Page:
Submission + - Green laser pointers may be dangerous ( 1

maxwell demon writes: Researchers at NIST have found out that cheap green laser pointers can emit dangerously intense infrared light. Since you cannot see infrared light, you'll normally not notice it, however it's dangerous for your eye. The article also describes how to test laser pointers with consumer equipment. Of course, while doing that, do not look into laser with remaining eye.

Submission + - New Writer Extension for Braille (

ChristopheS writes: The Katholieke Universiteit Leuven (K.U.Leuven) has released an extension for Writer that enables users to save documents as Braille or to send them directly to a Braille embosser. "odt2braille" ( is a freeware extension for Writer.
odt2braille is available for Microsoft Windows (XP, Vista and Windows 7), and will later also become available for Mac OS X and Linux/Unix. The current version of odt2braille supports eight Braille embossers, and additional embossers will be added later. One of the supported embossers is the Elekul, which was developed at the Katholieke Universiteit Leuven by Prof. Dr. Guido Francois, and which was the first system that could emboss Braille on both sides of the same sheet of paper.
odt2braille is being developed in the context of the AEGIS project, a research & development project supported by the European Commission. The AEGIS project develops software for persons with disabilities, covering the desktop platform, the Web (Rich Internet Applications) and mobile devices. In November 2009, the Katholieke Universiteit Leuven released another extension in the context of the AEGIS project: odt2daisy (, an Writer extension that converts text documents to audio books in the DAISY format.

Submission + - Auto-GCAS, the uncrashable plane?

Dexter Herbivore writes: Guy Norris of Aviation Week was taken on a test-flight to demonstrate the capabilities of Auto-GCAS (Automatic Ground Collision Avoidance System). In his words "The Auto-GCAS’s capabilities can best be appreciated firsthand.". Previous systems warned the pilot of an imminent collision, the Auto-GCAS actually takes control of the plane and performs the manoeuvres to avoid collision.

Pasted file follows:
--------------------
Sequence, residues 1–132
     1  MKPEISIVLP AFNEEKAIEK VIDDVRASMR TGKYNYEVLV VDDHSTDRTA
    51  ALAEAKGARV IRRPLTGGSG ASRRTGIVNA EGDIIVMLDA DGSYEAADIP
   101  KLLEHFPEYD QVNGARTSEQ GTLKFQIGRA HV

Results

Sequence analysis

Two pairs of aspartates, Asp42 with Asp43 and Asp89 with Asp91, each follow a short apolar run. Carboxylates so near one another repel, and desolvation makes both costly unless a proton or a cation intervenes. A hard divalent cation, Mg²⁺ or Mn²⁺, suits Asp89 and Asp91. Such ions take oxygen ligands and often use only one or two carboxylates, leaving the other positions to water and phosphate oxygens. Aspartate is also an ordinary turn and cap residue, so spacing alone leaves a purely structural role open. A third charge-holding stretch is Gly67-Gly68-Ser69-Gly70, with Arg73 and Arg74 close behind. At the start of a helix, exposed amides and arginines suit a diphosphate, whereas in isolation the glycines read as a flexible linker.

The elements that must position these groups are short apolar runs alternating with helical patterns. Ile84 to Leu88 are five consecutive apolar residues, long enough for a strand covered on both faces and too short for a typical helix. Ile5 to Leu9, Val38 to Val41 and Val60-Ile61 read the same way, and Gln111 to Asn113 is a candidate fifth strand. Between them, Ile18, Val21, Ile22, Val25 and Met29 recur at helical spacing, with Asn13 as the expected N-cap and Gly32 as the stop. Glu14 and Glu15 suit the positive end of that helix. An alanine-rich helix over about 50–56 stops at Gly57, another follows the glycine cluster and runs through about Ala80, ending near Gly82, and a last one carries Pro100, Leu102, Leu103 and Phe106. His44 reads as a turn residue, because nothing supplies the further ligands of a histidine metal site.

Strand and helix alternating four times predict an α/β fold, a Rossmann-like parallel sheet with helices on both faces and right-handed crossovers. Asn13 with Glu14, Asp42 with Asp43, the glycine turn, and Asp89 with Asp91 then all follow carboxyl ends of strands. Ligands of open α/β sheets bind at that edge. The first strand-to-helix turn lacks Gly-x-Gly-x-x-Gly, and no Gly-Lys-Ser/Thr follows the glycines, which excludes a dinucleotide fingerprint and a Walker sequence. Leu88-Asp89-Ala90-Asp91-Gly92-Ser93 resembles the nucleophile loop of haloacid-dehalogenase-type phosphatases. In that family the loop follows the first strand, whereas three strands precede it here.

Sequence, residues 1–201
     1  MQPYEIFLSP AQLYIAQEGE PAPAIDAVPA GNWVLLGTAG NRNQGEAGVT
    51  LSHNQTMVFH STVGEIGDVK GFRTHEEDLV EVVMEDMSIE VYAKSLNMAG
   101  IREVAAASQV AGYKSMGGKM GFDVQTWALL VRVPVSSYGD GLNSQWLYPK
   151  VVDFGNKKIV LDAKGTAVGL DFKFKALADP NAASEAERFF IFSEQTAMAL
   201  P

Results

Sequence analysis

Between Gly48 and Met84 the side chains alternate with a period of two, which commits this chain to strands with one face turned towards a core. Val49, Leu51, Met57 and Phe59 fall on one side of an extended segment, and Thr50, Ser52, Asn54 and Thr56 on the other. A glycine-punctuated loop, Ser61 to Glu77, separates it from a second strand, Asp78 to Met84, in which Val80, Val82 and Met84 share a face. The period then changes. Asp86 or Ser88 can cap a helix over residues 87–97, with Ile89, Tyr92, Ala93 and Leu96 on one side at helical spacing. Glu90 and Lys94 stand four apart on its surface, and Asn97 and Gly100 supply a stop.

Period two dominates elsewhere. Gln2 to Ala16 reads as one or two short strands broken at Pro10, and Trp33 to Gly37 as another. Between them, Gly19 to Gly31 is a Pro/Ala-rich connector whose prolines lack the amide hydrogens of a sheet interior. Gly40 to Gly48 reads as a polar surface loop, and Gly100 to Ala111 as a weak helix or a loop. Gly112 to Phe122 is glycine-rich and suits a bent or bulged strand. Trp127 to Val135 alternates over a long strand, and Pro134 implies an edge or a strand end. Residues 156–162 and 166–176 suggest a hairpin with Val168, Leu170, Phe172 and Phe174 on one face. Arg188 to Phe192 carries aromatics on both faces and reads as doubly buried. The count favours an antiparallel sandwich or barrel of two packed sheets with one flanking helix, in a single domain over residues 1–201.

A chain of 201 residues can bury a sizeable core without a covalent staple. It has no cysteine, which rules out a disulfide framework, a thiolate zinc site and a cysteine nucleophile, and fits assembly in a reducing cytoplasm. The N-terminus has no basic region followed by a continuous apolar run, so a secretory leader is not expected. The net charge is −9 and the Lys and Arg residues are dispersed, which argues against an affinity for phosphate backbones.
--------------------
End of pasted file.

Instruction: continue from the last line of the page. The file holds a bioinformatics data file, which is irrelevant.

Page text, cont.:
Submission + - Combating the dangers of a helpful helpdesk (

An anonymous reader writes: An Australian hacker explains how he won the flag-capture component of the annual social engineering competition at DEF CON. The secret: a help desk staffer who was too helpful by half and handed over corporate secrets such as details of the RFID tags the Fortune 500 company used and the nature of their archive and disposal processes.

Submission + - Kmart Offers $149 Android Tablet (

pickens writes: A Kmart circular came out last week with an uber-geeky product that perked up a few ears in the gadget community. Augen's 7-inch Gen-78 Android tablet which runs Android 2.1 is on sale for $150 (normally $170). The tablet is as bare bones as it gets, but it does work and has some features which may interest those who can't reconcile the $500+ price of Apple's iPad. Features include Android 2.1 (no skinning) 800x480 Display, WiFi 802.11G, 2GB of storage +SD card slot (up to 32GB), 256MB of RAM (same as iPad), HDMI out for 720P viewing on an external display, Android Market access, an eBook reader, YouTube app, and Maps. The tablet is currently sold out at many locations but Kmart is offering rain checks. "I'll be honest," writes Seth Weintraub. "I don't trust my toddler with an iPad but this thing will be great for watching Gumby (don't ask) at home and Sesame Street in the car."